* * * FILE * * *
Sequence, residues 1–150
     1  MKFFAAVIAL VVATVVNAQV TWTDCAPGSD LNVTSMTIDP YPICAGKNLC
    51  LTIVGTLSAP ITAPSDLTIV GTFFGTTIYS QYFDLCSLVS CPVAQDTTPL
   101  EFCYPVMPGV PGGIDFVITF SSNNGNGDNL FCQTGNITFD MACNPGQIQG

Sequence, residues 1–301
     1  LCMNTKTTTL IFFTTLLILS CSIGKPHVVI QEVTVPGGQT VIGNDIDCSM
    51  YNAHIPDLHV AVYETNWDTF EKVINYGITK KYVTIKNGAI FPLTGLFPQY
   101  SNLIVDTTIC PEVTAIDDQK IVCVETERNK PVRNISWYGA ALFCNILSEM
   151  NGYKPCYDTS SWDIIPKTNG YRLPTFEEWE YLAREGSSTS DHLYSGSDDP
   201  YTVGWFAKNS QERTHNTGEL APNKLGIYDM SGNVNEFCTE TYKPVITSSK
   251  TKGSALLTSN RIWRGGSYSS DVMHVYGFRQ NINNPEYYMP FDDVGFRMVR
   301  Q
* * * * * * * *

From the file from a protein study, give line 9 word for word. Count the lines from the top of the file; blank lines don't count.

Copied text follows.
   151  NGYKPCYDTS SWDIIPKTNG YRLPTFEEWE YLAREGSSTS DHLYSGSDDP